The fragmentation of European financial services could increase costs and limit the finance options for European companies, EY’s UK financial services leader Omar Ali warns in the firm’s Brexit Tracker report.
The EY Brexit Tracker monitors public statements made by 222 of the largest financial services companies with significant operations in the UK across wealth and asset management firms, investment and retail banks, private equity, insurance and FinTech.
In the latest report, 59 firms said they have begun transferring staff and operations out of the UK or are considering doing so as a result of Brexit, up from 53 companies in March, an increase of 23 per cent.
Of those firms, 19 plan to move to Dublin, 18 cited Frankfurt and 11 named Luxembourg. Among the asset management firms, six are considering moving staff and/or operations to Luxembourg while 23 financial services firms have bolstered their presence in the EU since the referendum, up from 18 companies in March.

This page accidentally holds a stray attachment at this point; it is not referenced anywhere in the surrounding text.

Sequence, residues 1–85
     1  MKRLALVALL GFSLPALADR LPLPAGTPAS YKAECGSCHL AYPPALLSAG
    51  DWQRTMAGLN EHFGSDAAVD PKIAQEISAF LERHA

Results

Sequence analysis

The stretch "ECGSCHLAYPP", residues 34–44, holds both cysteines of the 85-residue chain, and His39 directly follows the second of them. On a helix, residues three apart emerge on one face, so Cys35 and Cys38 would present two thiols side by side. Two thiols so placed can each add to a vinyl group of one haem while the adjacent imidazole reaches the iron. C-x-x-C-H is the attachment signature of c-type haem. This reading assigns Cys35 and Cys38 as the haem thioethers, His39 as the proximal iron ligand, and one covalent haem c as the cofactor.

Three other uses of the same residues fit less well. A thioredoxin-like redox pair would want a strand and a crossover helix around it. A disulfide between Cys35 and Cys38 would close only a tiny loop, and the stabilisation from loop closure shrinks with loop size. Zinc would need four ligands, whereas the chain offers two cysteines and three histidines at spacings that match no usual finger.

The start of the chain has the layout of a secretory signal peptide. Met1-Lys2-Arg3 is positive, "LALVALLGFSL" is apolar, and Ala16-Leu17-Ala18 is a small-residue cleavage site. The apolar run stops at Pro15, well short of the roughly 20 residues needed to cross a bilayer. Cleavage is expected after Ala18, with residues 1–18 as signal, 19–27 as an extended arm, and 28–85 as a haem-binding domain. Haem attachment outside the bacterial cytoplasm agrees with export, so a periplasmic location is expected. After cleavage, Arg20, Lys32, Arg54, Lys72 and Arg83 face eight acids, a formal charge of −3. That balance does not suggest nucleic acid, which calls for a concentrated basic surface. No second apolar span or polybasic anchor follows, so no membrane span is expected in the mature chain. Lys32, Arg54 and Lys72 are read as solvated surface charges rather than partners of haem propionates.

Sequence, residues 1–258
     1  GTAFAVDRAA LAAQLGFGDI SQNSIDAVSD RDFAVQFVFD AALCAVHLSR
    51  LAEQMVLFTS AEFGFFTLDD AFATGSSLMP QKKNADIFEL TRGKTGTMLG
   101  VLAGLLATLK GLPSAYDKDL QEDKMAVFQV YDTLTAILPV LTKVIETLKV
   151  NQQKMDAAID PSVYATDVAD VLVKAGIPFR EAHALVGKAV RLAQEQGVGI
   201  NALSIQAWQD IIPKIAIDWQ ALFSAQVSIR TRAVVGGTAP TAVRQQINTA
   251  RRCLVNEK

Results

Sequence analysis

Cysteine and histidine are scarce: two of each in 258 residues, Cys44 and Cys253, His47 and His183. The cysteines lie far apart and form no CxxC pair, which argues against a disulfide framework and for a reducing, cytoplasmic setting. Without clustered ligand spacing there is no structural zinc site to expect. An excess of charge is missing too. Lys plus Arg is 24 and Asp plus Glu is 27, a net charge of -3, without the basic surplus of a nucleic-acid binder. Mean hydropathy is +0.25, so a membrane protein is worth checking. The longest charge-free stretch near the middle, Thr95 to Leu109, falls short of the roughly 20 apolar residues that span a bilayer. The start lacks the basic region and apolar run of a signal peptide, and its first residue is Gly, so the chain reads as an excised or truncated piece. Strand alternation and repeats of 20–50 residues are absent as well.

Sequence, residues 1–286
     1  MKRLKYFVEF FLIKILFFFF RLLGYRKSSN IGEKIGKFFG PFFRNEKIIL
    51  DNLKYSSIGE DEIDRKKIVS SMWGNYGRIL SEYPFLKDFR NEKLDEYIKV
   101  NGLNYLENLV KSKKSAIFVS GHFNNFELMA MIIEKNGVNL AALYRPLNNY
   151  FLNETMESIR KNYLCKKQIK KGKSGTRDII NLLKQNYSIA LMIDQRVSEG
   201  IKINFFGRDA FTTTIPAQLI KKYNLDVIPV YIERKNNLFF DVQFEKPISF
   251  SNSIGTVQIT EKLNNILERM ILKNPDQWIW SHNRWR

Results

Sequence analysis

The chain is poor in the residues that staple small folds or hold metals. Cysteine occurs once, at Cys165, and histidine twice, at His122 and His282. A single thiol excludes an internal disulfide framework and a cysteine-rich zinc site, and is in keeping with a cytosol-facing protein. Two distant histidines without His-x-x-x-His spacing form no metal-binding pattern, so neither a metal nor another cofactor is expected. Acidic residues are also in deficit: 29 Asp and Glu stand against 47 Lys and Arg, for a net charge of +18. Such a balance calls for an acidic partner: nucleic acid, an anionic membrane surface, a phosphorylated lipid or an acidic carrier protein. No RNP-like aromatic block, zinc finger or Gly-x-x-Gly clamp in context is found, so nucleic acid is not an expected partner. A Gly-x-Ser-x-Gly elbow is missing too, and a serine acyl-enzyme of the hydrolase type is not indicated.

Ali points out that since the triggering of Article 50 in March, the big financial firms have been putting their contingency plans into action with over a quarter of the companies tracked indicating changes to their London base.
“This process will only accelerate as firms finalise their submissions to the regulators on their Brexit plans,” Ali says.
“Financial Services companies are looking to make sure they can continue to conduct business across the EU, while retaining a strong base in London, and they are now starting to select potential European locations.
“The variety of locations being announced highlights that no one European centre is emerging as a compelling alternative to London. However, these operational changes also highlight a real risk to European businesses and the wider economy, as the fragmentation of European financial services could increase costs and limit the breadth and depth of finance options for European corporates.”